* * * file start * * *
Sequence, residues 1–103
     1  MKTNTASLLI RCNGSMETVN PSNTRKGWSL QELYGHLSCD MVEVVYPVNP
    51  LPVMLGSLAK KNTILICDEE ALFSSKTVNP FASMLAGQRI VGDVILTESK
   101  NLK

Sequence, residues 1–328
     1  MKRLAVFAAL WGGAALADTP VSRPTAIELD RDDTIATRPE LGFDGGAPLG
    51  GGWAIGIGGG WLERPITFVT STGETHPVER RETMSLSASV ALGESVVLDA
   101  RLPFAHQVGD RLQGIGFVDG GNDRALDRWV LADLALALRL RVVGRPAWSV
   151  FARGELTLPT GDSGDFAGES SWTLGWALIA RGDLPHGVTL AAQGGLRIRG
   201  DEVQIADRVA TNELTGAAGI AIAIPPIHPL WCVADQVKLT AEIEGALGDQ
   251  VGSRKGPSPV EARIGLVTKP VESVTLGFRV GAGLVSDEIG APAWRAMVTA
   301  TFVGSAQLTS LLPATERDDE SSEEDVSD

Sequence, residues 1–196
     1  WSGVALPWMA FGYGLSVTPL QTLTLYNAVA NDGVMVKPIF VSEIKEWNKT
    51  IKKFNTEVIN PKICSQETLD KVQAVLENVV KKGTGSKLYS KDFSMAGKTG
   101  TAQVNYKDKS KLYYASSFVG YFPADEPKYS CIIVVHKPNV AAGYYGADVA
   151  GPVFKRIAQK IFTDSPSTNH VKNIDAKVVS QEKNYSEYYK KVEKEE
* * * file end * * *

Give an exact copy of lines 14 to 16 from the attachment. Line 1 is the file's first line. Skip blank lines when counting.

     1  WSGVALPWMA FGYGLSVTPL QTLTLYNAVA NDGVMVKPIF VSEIKEWNKT
    51  IKKFNTEVIN PKICSQETLD KVQAVLENVV KKGTGSKLYS KDFSMAGKTG
   101  TAQVNYKDKS KLYYASSFVG YFPADEPKYS CIIVVHKPNV AAGYYGADVA